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The PM driver in the S$4.7 billion machine

By Corrie Tan | Writer-in-residence

March 12 & April 13, 2022

Image source: PSA Singapore

We had the privilege of engaging with the processes and infrastructure of the hyper-efficient Singapore port system in two ways—first on an intimate, personal scale, and then on a sprawling, international scale. First, we had an informal chat with S., a Prime Mover (PM) driver, during one of our March rehearsals; then a few of the creative team had the rare opportunity to take a brief tour of PSA Singapore’s Pasir Panjang Terminal in April.

I. The PM driver

S. has been a PM driver with PSA Singapore for several months. His official job title is “container handling specialist”, which means he drives a prime mover for an entire 12-hour shift, doing four days of intense shift work followed by three days off. On a typical day, he wakes up at 5.30am, arrives at the Pasir Panjang Terminal by 7.30am, then drives back and forth between the incoming ships and the port yard for twelve hours straight (with a lunch break and toilet breaks in-between).

It is a repetitive but dangerous job, which makes for a strange tension between boredom and fear. He describes the weight of the containers and goods he transports with a mix of trepidation and awe. “Carrying 3 tonnes is like carrying nothing, like an empty container. But some days, you’ll get a container that weighs 60 tonnes. Imagine you are suffocating under 60 tonnes...” he shakes his head, “Your truck is like a 60-year-old auntie carrying 60 tonnes.” Because the terminal area is not always paved with tarmac, driving in bad weather conditions can often feel precarious and slippery. He’s still nervous about parking, and often feels disoriented when reverse or parallel parking a vehicle with such a “long tail”, which can take a painful 15 minutes of panicked guesstimating, twisting and turning. His least favourite containers to transport? Dangerous goods containers, and containers filled with liquid. The speed limit within the port area may be a 40km/h amble, but he describes the sensation of braking only to feel the enormous truck rolling forward from the sheer force of the liquid loaded onto its chassis.

S. does this loading and unloading in complete isolation—back and forth, back and forth, back and forth—where each one-way trip takes about 20 minutes. Well, not in complete isolation. Every prime mover is equipped with an ADD, or anti-drowsiness device. Drivers are under constant surveillance by computer systems to make sure they don’t fall asleep at the wheel—in the name of safety. The team is troubled by the overt surveillance, but S. takes this very seriously: “Safety is our main priority, to be honest. There are a lot of cases where you can lose your life, and knowing that every one of those stories is true is really scary. Imagine that one person, that one life you kill... it will haunt you for the rest of your life.”

But the ADD isn’t always accurate. S. loves having solo karaoke sessions in his prime mover, which he calls his favourite part of the job. “But sometimes, when I’m singing, they think I’m yawning!” he exclaims. Even the slightest yawn will trigger the ADD, which will immediately inform the operations team that the driver is tired—even if he’s actually jamming out to jiwang tunes. S. laughs: “You tend to get angry at it: don’t be stupid, it’s just a small yawn! But yeah, you talk to the sensor because you don’t have anyone else to talk to.” S. is deeply affectionate with the objects around him, and has conjured up his own constellation of relationships with them: “In the end, this PM is my friend. We’ll have a good time, you and me,” he grins. “My other friend is—my speakers!” he adds, having invested in a small radio and bluetooth speakers after realising he would have nothing else to do in his tiny single-seat vehicle.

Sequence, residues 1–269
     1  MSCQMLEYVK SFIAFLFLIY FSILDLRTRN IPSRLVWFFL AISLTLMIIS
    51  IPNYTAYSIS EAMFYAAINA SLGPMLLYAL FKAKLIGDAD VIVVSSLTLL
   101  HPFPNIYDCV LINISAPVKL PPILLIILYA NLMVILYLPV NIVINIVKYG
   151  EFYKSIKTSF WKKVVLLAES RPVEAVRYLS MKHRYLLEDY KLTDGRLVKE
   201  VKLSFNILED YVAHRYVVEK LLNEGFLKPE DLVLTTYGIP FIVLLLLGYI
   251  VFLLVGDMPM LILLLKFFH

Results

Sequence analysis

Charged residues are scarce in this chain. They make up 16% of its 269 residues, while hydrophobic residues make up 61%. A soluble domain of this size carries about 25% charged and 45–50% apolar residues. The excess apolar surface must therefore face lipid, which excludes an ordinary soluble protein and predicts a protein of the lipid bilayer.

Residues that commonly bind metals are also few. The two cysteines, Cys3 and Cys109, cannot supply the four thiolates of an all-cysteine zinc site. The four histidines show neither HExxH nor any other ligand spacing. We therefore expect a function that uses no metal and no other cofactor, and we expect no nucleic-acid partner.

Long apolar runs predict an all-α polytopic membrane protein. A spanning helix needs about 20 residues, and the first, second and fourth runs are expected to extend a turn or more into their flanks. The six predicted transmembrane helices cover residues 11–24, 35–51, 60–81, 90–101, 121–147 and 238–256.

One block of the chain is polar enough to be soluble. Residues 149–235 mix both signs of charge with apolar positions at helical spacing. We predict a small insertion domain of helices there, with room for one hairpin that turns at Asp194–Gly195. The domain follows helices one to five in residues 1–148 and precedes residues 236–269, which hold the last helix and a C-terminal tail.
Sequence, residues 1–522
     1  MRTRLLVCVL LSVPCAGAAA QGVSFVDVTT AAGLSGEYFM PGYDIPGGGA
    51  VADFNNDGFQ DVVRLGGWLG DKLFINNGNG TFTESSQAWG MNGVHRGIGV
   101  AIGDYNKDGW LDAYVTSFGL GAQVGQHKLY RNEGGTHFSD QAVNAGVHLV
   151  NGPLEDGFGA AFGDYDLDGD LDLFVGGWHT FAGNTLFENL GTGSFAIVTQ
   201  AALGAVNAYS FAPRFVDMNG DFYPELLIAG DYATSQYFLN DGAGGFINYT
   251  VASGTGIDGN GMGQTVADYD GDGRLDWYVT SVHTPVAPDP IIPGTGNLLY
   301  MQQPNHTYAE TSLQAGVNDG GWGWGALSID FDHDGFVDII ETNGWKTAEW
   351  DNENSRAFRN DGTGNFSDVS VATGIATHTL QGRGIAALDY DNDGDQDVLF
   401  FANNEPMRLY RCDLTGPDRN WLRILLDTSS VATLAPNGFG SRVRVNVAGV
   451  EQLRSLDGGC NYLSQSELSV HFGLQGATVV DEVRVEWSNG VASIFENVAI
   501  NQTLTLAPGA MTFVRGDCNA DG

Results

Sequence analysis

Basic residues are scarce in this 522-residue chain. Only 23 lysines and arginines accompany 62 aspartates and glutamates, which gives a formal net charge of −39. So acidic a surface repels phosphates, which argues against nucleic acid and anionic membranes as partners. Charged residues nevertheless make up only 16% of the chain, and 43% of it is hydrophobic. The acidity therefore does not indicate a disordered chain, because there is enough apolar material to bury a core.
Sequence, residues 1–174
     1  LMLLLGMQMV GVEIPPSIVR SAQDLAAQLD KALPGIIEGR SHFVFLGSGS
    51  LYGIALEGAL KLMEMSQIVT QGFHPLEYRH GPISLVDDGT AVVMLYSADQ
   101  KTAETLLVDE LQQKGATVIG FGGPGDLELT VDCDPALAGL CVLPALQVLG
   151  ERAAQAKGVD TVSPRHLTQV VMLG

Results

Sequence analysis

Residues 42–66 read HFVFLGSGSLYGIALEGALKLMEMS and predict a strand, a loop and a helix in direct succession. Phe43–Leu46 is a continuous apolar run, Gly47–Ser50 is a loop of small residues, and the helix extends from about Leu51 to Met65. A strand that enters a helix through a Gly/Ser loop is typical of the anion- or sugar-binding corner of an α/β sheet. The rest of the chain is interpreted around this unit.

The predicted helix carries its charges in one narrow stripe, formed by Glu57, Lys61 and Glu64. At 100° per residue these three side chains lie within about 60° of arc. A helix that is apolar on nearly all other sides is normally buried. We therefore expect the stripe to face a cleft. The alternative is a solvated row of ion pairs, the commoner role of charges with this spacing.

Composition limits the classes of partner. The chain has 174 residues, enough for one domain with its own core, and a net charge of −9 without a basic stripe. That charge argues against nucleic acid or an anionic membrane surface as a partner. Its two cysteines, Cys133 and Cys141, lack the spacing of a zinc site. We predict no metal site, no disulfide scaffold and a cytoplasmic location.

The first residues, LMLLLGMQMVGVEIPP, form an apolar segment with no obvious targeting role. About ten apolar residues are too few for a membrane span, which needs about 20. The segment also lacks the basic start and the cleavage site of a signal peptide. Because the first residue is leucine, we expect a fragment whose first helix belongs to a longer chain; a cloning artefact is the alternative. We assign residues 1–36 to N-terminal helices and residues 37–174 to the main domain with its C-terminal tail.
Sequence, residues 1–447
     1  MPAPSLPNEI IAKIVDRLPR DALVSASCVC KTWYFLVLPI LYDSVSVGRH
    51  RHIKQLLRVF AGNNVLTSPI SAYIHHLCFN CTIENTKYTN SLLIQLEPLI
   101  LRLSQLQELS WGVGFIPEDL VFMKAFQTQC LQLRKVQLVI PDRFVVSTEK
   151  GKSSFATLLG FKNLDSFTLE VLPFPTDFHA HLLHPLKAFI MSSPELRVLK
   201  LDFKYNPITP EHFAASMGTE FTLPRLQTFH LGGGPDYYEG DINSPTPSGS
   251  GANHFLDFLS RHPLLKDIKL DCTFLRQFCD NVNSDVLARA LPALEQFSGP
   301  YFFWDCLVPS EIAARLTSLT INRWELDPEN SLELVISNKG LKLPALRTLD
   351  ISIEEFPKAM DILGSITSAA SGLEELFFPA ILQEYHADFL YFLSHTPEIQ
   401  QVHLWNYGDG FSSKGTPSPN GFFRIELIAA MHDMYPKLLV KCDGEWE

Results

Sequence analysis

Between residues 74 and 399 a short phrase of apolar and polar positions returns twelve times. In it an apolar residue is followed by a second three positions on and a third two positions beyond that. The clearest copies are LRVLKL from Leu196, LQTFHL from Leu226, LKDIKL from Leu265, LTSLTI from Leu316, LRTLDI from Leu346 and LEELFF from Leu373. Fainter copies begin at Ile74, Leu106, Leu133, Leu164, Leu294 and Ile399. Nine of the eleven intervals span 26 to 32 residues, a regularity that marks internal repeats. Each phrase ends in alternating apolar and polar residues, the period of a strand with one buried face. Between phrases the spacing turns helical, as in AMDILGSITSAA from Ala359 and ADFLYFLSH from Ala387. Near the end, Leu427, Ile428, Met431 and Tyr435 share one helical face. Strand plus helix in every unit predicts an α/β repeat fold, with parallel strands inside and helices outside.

S. is still on his six-month probationary period, but he’s already thinking long-term because PSA Singapore’s three city terminals at Tanjong Pagar, Keppel and Brani will be relocating to the massive Tuas port by 2027. The Pasir Panjang Terminals—where he currently works—will also be consolidated there by the 2040s (source: PSA Singapore). “That’s where I’m hoping to go,” he says, “The new megastructure at Tuas. This is still my learning stage. I want to be at Tuas because you don’t need to drive! Everything is all robotics, you just programme stuff—it’ll be like a game. It’s safer, and it makes so much sense and there’s no time-wasting.” He pauses. “But the bad part is that people will lose jobs, and I will have to upgrade myself. Waiting for them to upgrade me is like waiting for a seed to grow into a tree.”

In some senses, S. has already translated his daily routine into a combat minigame, with enemies and frontliners and other soldiers in the trenches closing ranks. “Parking is one of your worst enemies in the world,” he shakes his head. He describes the berthing crews and seamen as having the highest “risk factors”, and that it can be difficult to spot forklift operators, particularly on the night shift. “To me, it’s like being in the army,” he says. “These people on the frontlines are like people in the infantry. The truck drivers are like the logistics people. And those people on the cranes, they’re like the guarders and tankers.” While his shifts may be underscored by music, there’s also the competing soundscape of other staff interrupting with where are you, can you hurry up, please look behind you. He recalls a near-miss with some reticence. Another great fear is “jackknifing”, where reckless driving can lead to a prime mover or trailer truck bending itself into an acute angle. These accidents can be serious, even fatal. It isn’t much of a surprise then, when S. says that he craves the liberating thrill of getting on his motorcycle after a long day at work.

II. The S$4.7 billion machine